I’m grateful for the quality education I received at Lafayette College that launched me into a fun, rewarding geological career. As you’ll see, I entered the field of geology at Lafayette College and also my 38-year career as a petroleum geologist through ‘back doors’.


LAFAYETTE COLLEGE: In high school, I enjoyed math and science, and enrolled at Lafayette College as a math major. Although I was enjoying Calculus and was earning good grades, by the midpoint of spring semester sophomore year, I had the uneasy feeling that I was relying too much on memorization and was lacking the intuitive understanding and ability to reason through complex mathematical problems that I could see with both my father and fellow math students. I questioned my ability to excel in a mathematical career like that of my father, who pioneered much of the U.S. Navy’s understanding of the propagation of underwater sound for detection of enemy submarines. I knew I had to find a career that was as enjoyable for me as the physics of underwater sound was for my father. So one March afternoon of my sophomore year, I took a long soul-searching walk around campus and thought about what I had enjoyed most in my life. What struck me was the spectacular scenery in many national parks and monuments I had visited with my parents and sister, especially those in western USA. My father must have been a ‘closet geologist’ because every summer we drove across the USA to hike in as many national parks and monuments as we could cram into his 4 weeks of vacation. By the time I graduated from high school, I had been in all 48 states and most of the Canadian provinces, exploring natural wonders of the USA and Canada. I especially enjoyed conducted hikes and evening campfire programs with Ranger-Naturalists explaining geological processes that resulted in the spectacular scenery we observed. Never having taken a course in geology, I walked into Van Wickle Hall that March afternoon, and after two fun hours with Professor Arthur Montgomery, I walked out a geology major! With introductory physics and chemistry under my belt during freshman and sophomore years, respectively, I crammed all my geology courses into my junior and senior years at Lafayette. While at Lafayette, I ran freshman cross country, was a participating member in what was the social dormitory of Soles Hall, served as a resident advisor in freshman dorms for three years, and frolicked beside the football field as Lafayette’s leopard mascot my senior year.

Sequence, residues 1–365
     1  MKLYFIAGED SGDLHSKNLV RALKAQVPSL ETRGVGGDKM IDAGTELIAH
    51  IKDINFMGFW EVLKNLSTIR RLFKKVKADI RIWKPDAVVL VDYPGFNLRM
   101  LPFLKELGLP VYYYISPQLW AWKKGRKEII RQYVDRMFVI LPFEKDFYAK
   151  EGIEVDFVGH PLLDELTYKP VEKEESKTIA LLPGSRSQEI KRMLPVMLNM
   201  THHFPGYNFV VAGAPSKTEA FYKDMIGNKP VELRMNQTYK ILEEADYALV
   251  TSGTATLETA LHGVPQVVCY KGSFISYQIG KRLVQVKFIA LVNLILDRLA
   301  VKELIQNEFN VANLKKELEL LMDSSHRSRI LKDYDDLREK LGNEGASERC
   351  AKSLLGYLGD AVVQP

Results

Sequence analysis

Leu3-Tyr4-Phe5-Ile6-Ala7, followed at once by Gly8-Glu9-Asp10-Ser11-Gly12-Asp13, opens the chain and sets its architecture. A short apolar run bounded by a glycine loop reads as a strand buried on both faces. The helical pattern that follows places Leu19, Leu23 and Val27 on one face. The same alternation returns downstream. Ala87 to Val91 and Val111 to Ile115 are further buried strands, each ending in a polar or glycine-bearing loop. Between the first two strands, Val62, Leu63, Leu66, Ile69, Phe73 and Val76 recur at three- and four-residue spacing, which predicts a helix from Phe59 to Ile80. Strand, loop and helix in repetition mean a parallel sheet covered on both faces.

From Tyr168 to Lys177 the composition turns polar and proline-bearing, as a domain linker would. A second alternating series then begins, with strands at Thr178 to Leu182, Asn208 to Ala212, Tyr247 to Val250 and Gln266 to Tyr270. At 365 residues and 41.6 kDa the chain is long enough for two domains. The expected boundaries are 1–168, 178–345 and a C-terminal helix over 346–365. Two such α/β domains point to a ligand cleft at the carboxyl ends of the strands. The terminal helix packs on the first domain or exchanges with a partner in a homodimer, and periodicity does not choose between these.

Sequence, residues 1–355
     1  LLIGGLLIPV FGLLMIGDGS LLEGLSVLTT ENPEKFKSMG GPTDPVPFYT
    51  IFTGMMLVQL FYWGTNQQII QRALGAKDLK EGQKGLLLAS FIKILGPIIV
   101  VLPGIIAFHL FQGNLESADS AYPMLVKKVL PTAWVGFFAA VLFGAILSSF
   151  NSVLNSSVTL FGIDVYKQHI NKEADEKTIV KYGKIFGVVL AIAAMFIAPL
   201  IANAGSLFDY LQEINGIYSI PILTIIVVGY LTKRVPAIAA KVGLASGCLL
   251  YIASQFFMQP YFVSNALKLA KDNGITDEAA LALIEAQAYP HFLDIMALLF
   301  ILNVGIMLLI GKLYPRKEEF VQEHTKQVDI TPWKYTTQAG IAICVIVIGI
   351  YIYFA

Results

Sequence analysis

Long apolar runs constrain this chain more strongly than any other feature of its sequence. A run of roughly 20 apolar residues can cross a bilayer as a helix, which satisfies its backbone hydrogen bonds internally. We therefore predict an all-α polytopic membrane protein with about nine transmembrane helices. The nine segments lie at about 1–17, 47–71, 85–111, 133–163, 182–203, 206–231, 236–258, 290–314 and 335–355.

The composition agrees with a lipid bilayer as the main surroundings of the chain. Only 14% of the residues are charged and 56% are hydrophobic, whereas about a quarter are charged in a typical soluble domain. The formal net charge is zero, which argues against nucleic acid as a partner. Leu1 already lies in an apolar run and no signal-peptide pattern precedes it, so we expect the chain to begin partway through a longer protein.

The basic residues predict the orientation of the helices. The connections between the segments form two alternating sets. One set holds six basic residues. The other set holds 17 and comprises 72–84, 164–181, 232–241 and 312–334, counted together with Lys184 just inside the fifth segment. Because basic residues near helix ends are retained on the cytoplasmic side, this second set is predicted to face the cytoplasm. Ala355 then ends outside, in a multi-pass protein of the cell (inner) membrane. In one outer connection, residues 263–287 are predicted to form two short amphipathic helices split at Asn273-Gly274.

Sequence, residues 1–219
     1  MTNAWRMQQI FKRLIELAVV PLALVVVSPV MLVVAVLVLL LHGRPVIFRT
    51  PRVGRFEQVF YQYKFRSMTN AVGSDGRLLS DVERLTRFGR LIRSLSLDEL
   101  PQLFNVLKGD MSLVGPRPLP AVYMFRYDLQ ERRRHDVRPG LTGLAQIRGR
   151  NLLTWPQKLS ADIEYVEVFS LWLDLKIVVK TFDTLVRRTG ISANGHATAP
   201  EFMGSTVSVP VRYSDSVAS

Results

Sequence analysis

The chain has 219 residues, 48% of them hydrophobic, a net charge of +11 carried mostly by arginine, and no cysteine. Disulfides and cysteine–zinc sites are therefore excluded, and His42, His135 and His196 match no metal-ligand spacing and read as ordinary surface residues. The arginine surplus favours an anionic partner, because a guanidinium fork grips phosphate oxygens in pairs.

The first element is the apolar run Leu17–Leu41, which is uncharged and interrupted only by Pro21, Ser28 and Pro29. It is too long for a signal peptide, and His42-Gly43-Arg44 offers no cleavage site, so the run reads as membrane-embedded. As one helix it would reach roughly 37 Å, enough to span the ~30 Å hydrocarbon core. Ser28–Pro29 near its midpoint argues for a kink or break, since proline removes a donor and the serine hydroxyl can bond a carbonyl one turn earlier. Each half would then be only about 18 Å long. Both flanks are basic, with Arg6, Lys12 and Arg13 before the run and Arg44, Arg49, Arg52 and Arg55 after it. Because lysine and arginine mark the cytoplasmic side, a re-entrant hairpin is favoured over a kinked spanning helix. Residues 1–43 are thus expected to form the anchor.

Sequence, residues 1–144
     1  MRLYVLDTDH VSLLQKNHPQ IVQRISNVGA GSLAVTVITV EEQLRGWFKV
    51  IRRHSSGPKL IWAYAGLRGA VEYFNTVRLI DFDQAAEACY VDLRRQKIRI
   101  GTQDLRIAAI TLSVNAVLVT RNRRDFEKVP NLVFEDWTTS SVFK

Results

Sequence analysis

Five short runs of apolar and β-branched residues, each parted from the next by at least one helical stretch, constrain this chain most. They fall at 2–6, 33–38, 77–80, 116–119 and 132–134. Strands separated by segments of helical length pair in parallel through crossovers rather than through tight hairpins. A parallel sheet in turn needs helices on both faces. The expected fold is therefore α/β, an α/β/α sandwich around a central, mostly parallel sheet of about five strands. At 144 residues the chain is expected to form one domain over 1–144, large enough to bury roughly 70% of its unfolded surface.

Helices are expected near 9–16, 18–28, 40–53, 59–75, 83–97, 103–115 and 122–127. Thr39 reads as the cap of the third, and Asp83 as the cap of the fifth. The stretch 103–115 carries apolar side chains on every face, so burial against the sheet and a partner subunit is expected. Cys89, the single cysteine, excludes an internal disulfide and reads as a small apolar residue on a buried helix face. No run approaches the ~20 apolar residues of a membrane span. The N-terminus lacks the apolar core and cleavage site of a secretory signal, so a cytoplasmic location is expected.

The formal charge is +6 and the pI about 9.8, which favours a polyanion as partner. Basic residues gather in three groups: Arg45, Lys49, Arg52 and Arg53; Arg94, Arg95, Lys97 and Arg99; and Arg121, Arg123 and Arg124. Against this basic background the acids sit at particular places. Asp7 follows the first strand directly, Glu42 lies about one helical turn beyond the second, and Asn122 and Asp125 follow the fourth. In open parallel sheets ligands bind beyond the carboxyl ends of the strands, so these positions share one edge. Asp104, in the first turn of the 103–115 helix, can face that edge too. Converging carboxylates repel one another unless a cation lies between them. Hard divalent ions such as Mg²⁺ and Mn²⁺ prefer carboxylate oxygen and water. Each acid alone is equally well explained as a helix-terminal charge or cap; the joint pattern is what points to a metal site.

POST-LAFAYETTE EDUCATION:   After graduating from Lafayette, I attended the 6-week summer Y-BRA Geology Field Camp in Red Lodge, Montana, and returned to Van Wickle Hall in the fall to recount my field-camp experience to Lafayette students and faculty. Then I was off to Syracuse University to earn MS and PhD degrees in Geology, supervised by a very talented and stimulating professor, Dr. Bryce Hand. I spent my first summer as a grad student as a field assistant for a USGS geologist mapping bedrock geology in Isle Royale National Park, Michigan. My MS thesis evaluated sediment sources and sedimentation rates for Chincoteague Bay at Assateague Island National Seashore (Jour. Sed. Pet., 1976). My PhD research was a laboratory study using a 30-foot recirculating flume to investigate conditions under which slipface bedforms (ripples and dunes) are stable versus conditions resulting in flat beds (Jour. Sed. Pet., 1988).